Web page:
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Md. judges would get first raise since 2015 under joint resolution

The judge's bench in a courtroom in Carroll County Circuit Court. (File photo)

The judge’s bench in a courtroom in Carroll County Circuit Court. (File photo)

ANNAPOLIS – Maryland’s judges would receive their first salary increase in three years under a proposed joint resolution in the General Assembly.

The resolution calls for judges to receive a $10,000 raise on July 1, the first day of fiscal year 2019. The judges would then receive annual raises the next three fiscal years for a total boost of $35,000 as of July 1, 2021.

The resolution, pending before Senate and House committees, reflects recommendations the Maryland Judicial Compensation Commission made this month to raise judicial salaries for the first time since July 1, 2015, and to preserve what the commission called the judiciary’s vitality.

Judicial “salaries have failed to keep pace with inflation” and “there is now a compelling need to increase judicial salaries, in order to assure that qualified individuals will continue to be attracted to serve as judges,” the seven-member commission stated in a letter this month to Gov. Larry Hogan and the Senate and House leaders.

The resolution would boost the salary of the state’s top jurist – Court of Appeals Chief Judge Mary Ellen Barbera – to $205,433 as of July 1. Court of Special Appeals Chief Judge Patrick L. Woodward’s salary would climb to $176,633 and John P. Morrissey, chief district court judge, would have a salary boost to $173,633.

The salary of Court of Appeals judges would rise to $186,433, and Court of Special Appeals judges’ pay would increase to $173,633.

Circuit Court judges would receive $164,433, while a district court judge’s would increase to $151,333.

By comparison, Hogan’s annual salary is $180,000. Senate President Thomas V. Mike Miller Jr. and House Speaker Michael E. Busch are paid $65,371 each.

Court of Appeals Judge Joseph M. Getty defended the proposed judicial salary increase in a statement Wednesday.

“Maryland judges are dedicated to providing fair and effective justice to our citizens both in the courtroom and through educational programs in their communities,” Getty stated.

“Their decision to enter the realm of public service often comes with trade-offs,” he added. “The report of the Judicial Compensation Commission to the General Assembly warns that the trade-offs should not be so large that the best candidates walk away from public service. In a national ranking of 50 states and the District of Columbia, the salary of Maryland judges dropped in their competitive position. Our hope is to regain our competitiveness, so we can best serve the citizens of Maryland.”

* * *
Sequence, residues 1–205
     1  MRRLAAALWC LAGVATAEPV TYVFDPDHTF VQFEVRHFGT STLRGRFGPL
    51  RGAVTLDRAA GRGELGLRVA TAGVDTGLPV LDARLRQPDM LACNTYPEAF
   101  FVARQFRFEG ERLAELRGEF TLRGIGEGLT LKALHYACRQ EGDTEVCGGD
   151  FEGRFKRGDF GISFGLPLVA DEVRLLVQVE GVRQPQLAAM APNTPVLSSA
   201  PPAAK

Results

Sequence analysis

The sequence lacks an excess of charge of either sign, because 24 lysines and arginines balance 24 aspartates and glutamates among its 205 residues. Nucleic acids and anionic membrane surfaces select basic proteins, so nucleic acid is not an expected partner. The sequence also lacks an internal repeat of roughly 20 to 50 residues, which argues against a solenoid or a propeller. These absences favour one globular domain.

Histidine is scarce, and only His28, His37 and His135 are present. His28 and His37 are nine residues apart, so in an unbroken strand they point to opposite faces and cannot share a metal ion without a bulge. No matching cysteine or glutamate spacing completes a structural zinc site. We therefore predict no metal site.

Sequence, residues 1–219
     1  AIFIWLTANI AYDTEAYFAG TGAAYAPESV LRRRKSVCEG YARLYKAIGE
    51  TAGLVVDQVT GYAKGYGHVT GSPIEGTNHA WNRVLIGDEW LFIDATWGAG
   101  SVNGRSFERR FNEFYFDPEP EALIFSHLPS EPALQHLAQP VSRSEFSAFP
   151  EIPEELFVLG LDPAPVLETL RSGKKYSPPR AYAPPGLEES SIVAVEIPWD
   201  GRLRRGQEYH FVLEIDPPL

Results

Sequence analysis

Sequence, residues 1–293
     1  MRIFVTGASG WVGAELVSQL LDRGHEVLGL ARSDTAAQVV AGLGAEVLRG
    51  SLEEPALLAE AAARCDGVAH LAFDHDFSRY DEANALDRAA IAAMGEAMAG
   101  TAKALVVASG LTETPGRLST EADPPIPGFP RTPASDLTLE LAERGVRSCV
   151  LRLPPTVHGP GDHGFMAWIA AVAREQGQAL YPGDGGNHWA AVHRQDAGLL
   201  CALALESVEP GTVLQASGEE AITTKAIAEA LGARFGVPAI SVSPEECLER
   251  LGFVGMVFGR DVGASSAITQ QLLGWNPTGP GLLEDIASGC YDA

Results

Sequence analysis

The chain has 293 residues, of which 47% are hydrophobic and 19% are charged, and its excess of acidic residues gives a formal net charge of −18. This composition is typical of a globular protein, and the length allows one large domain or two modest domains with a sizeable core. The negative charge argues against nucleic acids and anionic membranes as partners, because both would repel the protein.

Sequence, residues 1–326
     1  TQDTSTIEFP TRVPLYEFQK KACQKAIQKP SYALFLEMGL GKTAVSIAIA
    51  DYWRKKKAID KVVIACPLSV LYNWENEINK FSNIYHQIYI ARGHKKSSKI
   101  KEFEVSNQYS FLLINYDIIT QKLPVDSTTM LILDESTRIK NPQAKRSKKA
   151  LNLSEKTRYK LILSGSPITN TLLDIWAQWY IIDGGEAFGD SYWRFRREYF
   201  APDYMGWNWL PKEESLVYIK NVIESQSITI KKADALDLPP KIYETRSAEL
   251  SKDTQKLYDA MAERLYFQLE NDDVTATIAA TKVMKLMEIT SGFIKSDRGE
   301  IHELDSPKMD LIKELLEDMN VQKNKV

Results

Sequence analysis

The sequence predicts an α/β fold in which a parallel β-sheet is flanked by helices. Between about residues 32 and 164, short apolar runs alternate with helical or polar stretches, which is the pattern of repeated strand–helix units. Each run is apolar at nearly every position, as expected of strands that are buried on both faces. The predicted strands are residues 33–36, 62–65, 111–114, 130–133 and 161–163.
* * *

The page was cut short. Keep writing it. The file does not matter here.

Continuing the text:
The Senate Budget and Taxation Committee is scheduled to hold a hearing Feb. 7 on Senate Joint Resolution 5. House Joint Resolution 3 is pending before the House Appropriations Committee, which has not yet scheduled a hearing.

Maryland law prohibits the General Assembly from amending the judicial-salary resolution to increase the proposed raises, but lawmakers are permitted to reject the resolution, adopt it as proposed or approve it with reduced raises. If the General Assembly fails to act on the proposed resolution within 50 days of its Jan. 24 introduction, the proposed raises would go into effect.

In its report on the proposed raises, the commission compared Maryland’s judicial salaries to those in the other 49 states.

The panel found Barbera’s current salary ranks 10th among the 50 state supreme court chief judges and behind the neighboring states of Pennsylvania, Delaware and Virginia. The salary of her Maryland Court of Appeals colleagues ranks 13th among state supreme court judges nationally.

Maryland Court of Special Appeals judges rank 19th among intermediate state appellate courts, the commission found. Maryland’s circuit court judges’ salary comes in 21st nationally among courts of general jurisdiction.

Under the proposed joint resolution, the judicial salaries would increase by another $10,000 in fiscal 2020 and then $7,500 in each of the next two fiscal years.

Thus, as of July 1, 2021, the Court of Appeals chief judge’s salary would be $230,433; the Court of Special Appeals chief judge would be paid $201,633; and the chief district court judge would get $198,633.

The salary of Court of Appeals judges would be $211,433; Court of Special Appeals judges would get $198,633; circuit court judges would receive $189,433; and district court judges would be paid $176,333.

Judicial Compensation Commission members are named by the governor, the leaders of the Senate and House, and the Maryland State Bar Association.

Elizabeth Buck chairs the commission. The other members are Norman Conway, Edward Gilliss, Van Mitchell, Alice Pinderhughes, Joshua Schmerling and John Suit II.

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